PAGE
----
Although no significant difference was found within a specific phase of the menstrual cycle, the breast temperature had high correlation with the core body temperature at the time of acquisition. In other words, images acquired at the beginning, middle or end of the cycle (month) did not show any specific thermal pattern characterizing higher or lower metabolic activity of the breasts in young women during the menstrual cycle, despite the variation in core temperature. The core body temperature and the room temperature may be masking the effect of hormones on the average breast temperature.

Some studies reported that certain physiological processes in women are related to the different phases of the ovulatory cycle. The most important include changes in gonadotropin, estrogens and progesterone levels in the blood. The diversity of the fluid balances and fluctuations in the core body temperature (rectal), which is approximately 0.4°C, is higher in the luteal phase than in the follicular phase of the cycle.(24) However, this study did not identify any changes in the average breast temperature relative to the menstrual cycle, i.e. , the temperatures measured from day 1 of the menstrual period until the day before the next period. Also, there was no increase in the maximum eye temperature during the estimated luteal phase, indicating that the average breast temperature is more closely related to the core MET than to hormonal activity in the breasts. However, this study was not designed to evaluate ovulation in young women, but how the thermal behavior of the breasts varies during the cycles.

The blood palys a role in normalizing the temperature of the organs and muscles, where metabolic heat is generated to be later dissipated to the outside through capillary vessels on the skin. In warm weather, blood converges to the body surface, increasing the temperature. The body starts sweating to cool down the skin and then proceeds to cool down the blood. The opposite happens when the weather is cold. In this case, the blood accumulates heat in the central part of the body, distant from the skin to prevent heat loss.(25)Therefore, the temperature of the skin, including the breasts, is directly affected by the room temperature.

This is why the literature recommends maintaining the temperature of the examination room as constant and uniform as possible,(26) without any air flow exceeding 0.2m/s, which can cause heat loss by forced convection. Nevertheless, a lot of variability was observed in room and core body temperatures measured in a city like Curitiba (PR), with an average daily temperature variation range of 12°C to 13°C. Curitiba (PR) is the coldest capital city in Brazil. The annual average is 16.5 °C (8.4°C to 26.2°C), and it is coldest in July and warmest in February. Therefore, it is not always possible to keep a constant and uniform temperature in a closed environment, pointing to the relevance of finding ways to correct the temperature measured, such as the equation proposed in this study.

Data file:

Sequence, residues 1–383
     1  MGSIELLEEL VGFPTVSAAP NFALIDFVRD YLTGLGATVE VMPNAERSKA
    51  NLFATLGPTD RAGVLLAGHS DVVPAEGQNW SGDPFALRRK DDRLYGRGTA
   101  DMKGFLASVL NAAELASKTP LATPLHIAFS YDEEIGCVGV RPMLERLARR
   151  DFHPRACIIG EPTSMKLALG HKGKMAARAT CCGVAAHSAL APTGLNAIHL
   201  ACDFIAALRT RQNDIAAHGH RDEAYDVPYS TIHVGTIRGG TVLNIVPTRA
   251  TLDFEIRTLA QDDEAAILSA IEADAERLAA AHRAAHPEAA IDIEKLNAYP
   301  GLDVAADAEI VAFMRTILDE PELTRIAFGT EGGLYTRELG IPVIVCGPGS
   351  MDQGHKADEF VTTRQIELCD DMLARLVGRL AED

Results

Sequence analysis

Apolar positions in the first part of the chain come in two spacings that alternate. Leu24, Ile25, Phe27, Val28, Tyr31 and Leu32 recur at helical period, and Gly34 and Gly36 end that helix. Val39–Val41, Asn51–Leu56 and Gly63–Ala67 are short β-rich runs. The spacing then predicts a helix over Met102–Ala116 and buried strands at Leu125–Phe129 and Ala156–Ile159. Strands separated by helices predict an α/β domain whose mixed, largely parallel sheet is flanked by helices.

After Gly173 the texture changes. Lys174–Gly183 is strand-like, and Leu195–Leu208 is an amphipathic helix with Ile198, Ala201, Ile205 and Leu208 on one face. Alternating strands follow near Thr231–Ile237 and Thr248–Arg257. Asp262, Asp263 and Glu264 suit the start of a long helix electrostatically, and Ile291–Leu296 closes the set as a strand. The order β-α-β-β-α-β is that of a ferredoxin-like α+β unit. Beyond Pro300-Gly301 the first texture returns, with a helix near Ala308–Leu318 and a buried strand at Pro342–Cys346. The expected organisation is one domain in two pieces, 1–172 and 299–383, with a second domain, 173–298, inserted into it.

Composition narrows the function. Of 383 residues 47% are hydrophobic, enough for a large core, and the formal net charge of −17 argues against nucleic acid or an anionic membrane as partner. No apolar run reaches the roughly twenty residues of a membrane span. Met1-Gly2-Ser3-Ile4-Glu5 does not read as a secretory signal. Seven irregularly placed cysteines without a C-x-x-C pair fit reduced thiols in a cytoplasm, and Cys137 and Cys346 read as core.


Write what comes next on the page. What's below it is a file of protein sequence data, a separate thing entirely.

The proposed prediction model can explain 45.3% (adjusted R2) of the breast temperature variation at variable room temperature, and may be accepted as a way to estimate the reference breast temperature at different room temperatures.

Some tools, such as mammography, ultrasound and MRI, are important resources that allow for morphological evaluation in different breast diseases. Breast thermography is a functional examination proposed as an aid for investigation of new drugs,(27)chemotherapeutic agents,(28)progression monitoring of inflammatory diseases and screening of abnormalities,(29) and could be used in conjunction with clinical and anatomical examinations. Thermography can be used for physiological analysis to detect physiological changes, as well as thermal and vascular abnormalities.(30)

One major limitation of this study was failing to use radioimmunoassay techniques to test for hormones or ultrasound images to monitor mature follicular cysts and determine ovulation. Still, this work can serve as a basis for future investigation of the correlation with ovulation, as documented by the methods above.


The average breast temperature in healthy young women was directly related to the core body temperature and the room temperature, and could be mathematically estimated. This study suggests that the use of thermography in medical practice is feasible, by means of an equation to estimate the normal reference breast temperature in young women, regardless of the room temperature and day of the cycle, which could support medical workup and add to anatomical tests. With this method, physicians are able to record the temperature of the breasts and, using a computer program, correct the room and body core temperature variations, normalizing these temperatures without depending on a fixed-temperature environment or prolonged acclimatization. Still, further studies are required to confirm and validate the mathematical relations presented in this article.


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Received: May 20, 2015; Accepted: August 18, 2015

Corresponding author: Eduardo Borba Neves – Universidade Tecnológica Federal do Paraná, Avenida Sete de Setembro, 3,165 – Rebouças – Zip code: 80230-901 – Curitiba, PR, Brazil – Phone: (55 41) 3310-4545

Conflict of interest: none.